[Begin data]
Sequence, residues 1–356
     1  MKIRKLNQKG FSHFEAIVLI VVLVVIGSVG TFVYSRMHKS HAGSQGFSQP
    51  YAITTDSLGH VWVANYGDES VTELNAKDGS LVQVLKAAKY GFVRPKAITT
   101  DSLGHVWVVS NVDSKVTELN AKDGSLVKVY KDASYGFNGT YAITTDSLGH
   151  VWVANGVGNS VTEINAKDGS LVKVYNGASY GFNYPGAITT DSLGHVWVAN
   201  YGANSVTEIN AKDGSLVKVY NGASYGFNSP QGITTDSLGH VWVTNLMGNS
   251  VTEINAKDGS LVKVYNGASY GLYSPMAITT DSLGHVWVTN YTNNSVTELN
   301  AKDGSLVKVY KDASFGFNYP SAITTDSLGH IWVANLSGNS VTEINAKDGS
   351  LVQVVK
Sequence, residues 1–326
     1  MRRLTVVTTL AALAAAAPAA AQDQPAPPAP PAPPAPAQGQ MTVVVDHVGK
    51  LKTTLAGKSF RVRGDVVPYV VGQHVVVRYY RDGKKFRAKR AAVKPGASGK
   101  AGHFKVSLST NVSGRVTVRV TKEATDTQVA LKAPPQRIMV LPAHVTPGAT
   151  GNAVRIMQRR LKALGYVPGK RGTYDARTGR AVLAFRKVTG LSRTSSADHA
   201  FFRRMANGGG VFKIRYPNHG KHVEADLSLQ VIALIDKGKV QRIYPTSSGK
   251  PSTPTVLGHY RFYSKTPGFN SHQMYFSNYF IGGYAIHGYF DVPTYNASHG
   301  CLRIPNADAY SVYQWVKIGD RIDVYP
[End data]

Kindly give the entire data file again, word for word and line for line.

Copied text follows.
Sequence, residues 1–356
     1  MKIRKLNQKG FSHFEAIVLI VVLVVIGSVG TFVYSRMHKS HAGSQGFSQP
    51  YAITTDSLGH VWVANYGDES VTELNAKDGS LVQVLKAAKY GFVRPKAITT
   101  DSLGHVWVVS NVDSKVTELN AKDGSLVKVY KDASYGFNGT YAITTDSLGH
   151  VWVANGVGNS VTEINAKDGS LVKVYNGASY GFNYPGAITT DSLGHVWVAN
   201  YGANSVTEIN AKDGSLVKVY NGASYGFNSP QGITTDSLGH VWVTNLMGNS
   251  VTEINAKDGS LVKVYNGASY GLYSPMAITT DSLGHVWVTN YTNNSVTELN
   301  AKDGSLVKVY KDASFGFNYP SAITTDSLGH IWVANLSGNS VTEINAKDGS
   351  LVQVVK
Sequence, residues 1–326
     1  MRRLTVVTTL AALAAAAPAA AQDQPAPPAP PAPPAPAQGQ MTVVVDHVGK
    51  LKTTLAGKSF RVRGDVVPYV VGQHVVVRYY RDGKKFRAKR AAVKPGASGK
   101  AGHFKVSLST NVSGRVTVRV TKEATDTQVA LKAPPQRIMV LPAHVTPGAT
   151  GNAVRIMQRR LKALGYVPGK RGTYDARTGR AVLAFRKVTG LSRTSSADHA
   201  FFRRMANGGG VFKIRYPNHG KHVEADLSLQ VIALIDKGKV QRIYPTSSGK
   251  PSTPTVLGHY RFYSKTPGFN SHQMYFSNYF IGGYAIHGYF DVPTYNASHG
   301  CLRIPNADAY SVYQWVKIGD RIDVYP